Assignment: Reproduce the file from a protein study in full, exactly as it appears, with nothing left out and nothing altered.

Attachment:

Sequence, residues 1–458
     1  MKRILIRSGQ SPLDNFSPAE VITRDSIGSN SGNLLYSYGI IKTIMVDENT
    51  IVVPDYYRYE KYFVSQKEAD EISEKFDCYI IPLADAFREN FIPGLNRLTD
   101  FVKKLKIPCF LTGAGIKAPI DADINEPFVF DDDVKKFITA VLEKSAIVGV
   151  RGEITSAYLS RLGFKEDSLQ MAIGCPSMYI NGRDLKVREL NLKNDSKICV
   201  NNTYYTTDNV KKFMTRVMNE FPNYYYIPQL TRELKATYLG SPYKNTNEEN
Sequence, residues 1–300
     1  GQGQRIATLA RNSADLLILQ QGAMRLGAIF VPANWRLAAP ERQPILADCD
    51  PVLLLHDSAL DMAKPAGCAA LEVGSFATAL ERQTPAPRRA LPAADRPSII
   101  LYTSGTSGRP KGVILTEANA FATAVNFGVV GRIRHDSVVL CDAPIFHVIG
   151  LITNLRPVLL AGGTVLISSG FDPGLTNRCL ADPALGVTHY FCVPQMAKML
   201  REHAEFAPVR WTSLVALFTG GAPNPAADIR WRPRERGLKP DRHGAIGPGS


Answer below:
Sequence, residues 1–458
     1  MKRILIRSGQ SPLDNFSPAE VITRDSIGSN SGNLLYSYGI IKTIMVDENT
    51  IVVPDYYRYE KYFVSQKEAD EISEKFDCYI IPLADAFREN FIPGLNRLTD
   101  FVKKLKIPCF LTGAGIKAPI DADINEPFVF DDDVKKFITA VLEKSAIVGV
   151  RGEITSAYLS RLGFKEDSLQ MAIGCPSMYI NGRDLKVREL NLKNDSKICV
   201  NNTYYTTDNV KKFMTRVMNE FPNYYYIPQL TRELKATYLG SPYKNTNEEN
Sequence, residues 1–300
     1  GQGQRIATLA RNSADLLILQ QGAMRLGAIF VPANWRLAAP ERQPILADCD
    51  PVLLLHDSAL DMAKPAGCAA LEVGSFATAL ERQTPAPRRA LPAADRPSII
   101  LYTSGTSGRP KGVILTEANA FATAVNFGVV GRIRHDSVVL CDAPIFHVIG
   151  LITNLRPVLL AGGTVLISSG FDPGLTNRCL ADPALGVTHY FCVPQMAKML
   201  REHAEFAPVR WTSLVALFTG GAPNPAADIR WRPRERGLKP DRHGAIGPGS